We are highly unlikely to build another coal fired power station in South Australia in any possible near future scenario. We will however still use coking (or metallurgical) coal in our Whyalla steel plant and this is also used to produce electricity at that plant.  Sanjeev Gupta may have other plans, but I have no knowledge of any substitution for coking coal.


Electricity generation is only part of the energy use in SA, with transport fuels another big issue. These are almost 100% fossil fuels and nearly 100% imported. Petrol, diesel and kerosene (Avgas) are all oil products and all have their environmental and Green House Gas (GHG) issues.

In SA we only produce a small amount of oil from the Cooper / Eromanga Basin. The latter overlies the Cooper Basin and is also part of the Great Artesian Basin (GAB).  Oil and gas naturally escape the Cooper Basin coals and leak into the Eromanga Basin.  The gas largely dissolves in the vast quantities of water while the oil floats and can be extracted from the high points.

Importing oil for our transport needs requires significant shipping of product around the world, with its associated risk of spills. Shipping and oil transport account for much more oil spilling into our oceans than oil exploration does.

Despite our best intentions, there is no chance that we will all be driving fossil fuel free cars in the next ten years and we will therefore require oil exploration or imports for the foreseeable future. More on this in the renewables section.  There are some options, should we decide to develop them, as I will discuss later.


While we have little oil in SA, we have plentiful natural gas. We discovered the gas in the Cooper Basin in the 1960s and built pipelines to Adelaide, Brisbane and Sydney to access it.  An ethane pipeline was also built to supply Sydney with feedstock for its burgeoning plastics industries.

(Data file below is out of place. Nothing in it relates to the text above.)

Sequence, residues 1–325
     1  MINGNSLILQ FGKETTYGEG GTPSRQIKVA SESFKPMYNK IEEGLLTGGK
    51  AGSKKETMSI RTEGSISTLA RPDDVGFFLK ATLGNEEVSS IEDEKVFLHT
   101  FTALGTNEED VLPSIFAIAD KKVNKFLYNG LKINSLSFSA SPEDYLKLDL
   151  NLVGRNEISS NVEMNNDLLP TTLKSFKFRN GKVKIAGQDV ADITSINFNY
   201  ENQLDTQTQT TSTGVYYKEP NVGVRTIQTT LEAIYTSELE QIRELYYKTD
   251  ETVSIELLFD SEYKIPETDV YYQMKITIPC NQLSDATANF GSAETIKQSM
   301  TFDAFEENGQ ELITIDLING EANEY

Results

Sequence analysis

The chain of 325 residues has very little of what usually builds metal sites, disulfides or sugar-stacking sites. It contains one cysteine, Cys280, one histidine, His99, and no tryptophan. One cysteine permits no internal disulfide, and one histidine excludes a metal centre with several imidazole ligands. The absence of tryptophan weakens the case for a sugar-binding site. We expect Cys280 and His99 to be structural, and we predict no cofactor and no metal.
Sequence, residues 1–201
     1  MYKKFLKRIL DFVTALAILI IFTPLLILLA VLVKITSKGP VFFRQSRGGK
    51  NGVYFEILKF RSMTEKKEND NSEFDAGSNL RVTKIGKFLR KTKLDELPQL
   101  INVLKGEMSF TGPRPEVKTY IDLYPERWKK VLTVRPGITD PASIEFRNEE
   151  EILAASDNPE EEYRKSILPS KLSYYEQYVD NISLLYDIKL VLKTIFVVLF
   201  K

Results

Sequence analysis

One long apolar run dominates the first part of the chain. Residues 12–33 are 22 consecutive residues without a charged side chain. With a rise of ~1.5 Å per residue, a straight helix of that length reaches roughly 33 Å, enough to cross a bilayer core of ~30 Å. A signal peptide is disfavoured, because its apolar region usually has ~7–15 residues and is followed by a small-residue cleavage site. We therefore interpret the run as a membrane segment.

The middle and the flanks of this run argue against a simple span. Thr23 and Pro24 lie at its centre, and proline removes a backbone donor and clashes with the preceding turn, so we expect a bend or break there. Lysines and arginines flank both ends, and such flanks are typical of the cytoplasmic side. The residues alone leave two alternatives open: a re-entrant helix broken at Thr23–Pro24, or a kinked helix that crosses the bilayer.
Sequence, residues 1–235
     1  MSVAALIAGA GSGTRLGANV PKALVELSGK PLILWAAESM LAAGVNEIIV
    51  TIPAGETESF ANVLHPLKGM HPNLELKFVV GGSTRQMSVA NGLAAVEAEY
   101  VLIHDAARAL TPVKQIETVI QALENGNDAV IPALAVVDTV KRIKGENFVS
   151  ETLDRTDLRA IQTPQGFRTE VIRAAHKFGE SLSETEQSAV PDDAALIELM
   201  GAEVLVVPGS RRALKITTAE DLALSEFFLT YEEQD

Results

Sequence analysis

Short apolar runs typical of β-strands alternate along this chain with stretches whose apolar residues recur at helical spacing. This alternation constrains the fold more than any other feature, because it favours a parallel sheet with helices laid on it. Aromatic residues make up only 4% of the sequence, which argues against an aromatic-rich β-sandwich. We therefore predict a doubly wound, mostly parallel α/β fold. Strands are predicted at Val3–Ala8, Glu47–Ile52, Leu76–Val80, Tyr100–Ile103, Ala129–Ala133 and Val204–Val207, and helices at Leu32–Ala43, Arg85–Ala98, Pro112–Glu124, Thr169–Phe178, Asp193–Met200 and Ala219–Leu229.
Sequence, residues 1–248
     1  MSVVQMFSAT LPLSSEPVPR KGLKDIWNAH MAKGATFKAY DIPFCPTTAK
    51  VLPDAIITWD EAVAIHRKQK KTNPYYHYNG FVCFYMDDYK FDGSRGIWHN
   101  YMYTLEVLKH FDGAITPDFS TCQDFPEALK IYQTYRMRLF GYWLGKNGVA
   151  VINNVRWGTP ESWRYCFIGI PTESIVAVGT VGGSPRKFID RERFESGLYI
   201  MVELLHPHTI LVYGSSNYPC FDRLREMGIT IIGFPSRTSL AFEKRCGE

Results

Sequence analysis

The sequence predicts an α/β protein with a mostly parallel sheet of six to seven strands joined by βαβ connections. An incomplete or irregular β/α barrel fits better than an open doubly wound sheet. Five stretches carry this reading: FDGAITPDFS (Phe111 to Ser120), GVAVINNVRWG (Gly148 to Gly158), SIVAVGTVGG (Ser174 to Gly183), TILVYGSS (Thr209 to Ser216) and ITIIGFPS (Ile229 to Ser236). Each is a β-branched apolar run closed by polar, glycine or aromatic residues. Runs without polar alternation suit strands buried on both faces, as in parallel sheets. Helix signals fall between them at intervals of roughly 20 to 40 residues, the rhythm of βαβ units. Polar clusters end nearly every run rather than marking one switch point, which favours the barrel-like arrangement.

These pipelines were financed by long term gas contracts with fixed gas prices. Today the contracts have been completed and new, largely secret deals have been done to buy and sell gas.  Long term gas contracts also meant that gas power plants could also be financed.

Without long term contracts for specific amounts of gas, gas will be expensive and pipelines and power stations difficult to finance. AGL are currently looking at importing LPG from offshore as a reliable source of energy for their new Torrens Island Power Plant.

Some of SA’s largest employers are the gas companies and these companies have significantly improved their viability by opening up international markets by creating LNG (Liquefied Natural Gas). While C2-C5 are liquid under a very slight pressure (eg a plastic cigarette lighter), it takes a lot more energy and effort to liquefy C1 and make it transportable.

Natural gas is used to generate electricity, for household heating and cooking, plastics and fibre glass production, plus pharmaceutical, fabric and fertiliser manufacture. LPG is used as bottled gas and transport.  The vast majority of us use gas and gas products daily, including practically all of our clothing.

Offshore gas requires long pipelines to be built or floating LNG plants installed. Gas is plentiful, particularly offshore, but requires a long term, contracted market to keep prices down.  Developing offshore reserves has substantially increased the amount of gas available but has also increased prices.

Locally, we have the ability to find new gas, as has been demonstrated by the recent Haselgrove 3 discovery near Penola. New gas discoveries will require government support for land access and approval of stimulation techniques, including hydraulic fracturing.  You will need to check your political party’s policies and see how they match your views on how to proceed with fossil fuels in the near and long term.

Fraccing has not been required to date for any wells in the southeast. In the Cooper Basin it has been a regular part of gas extraction since the early 1970s with over 700 fracs completed.  We have no shallow CSG but we do have potential for deep shale gas, mostly in the Cooper Basin, but also possibly in the Otway and Arckaringa Basins.  There is also a good chance for offshore gas in the Bight and possibly offshore Otway.  There may also be oil in the offshore Bight area, but we won’t know until we drill, but to date, the state has been gas prone.

Coming Up

Renewables, storage, nuclear, self-sufficiency, energy mix. You can also follow up with more detail in my other blogs.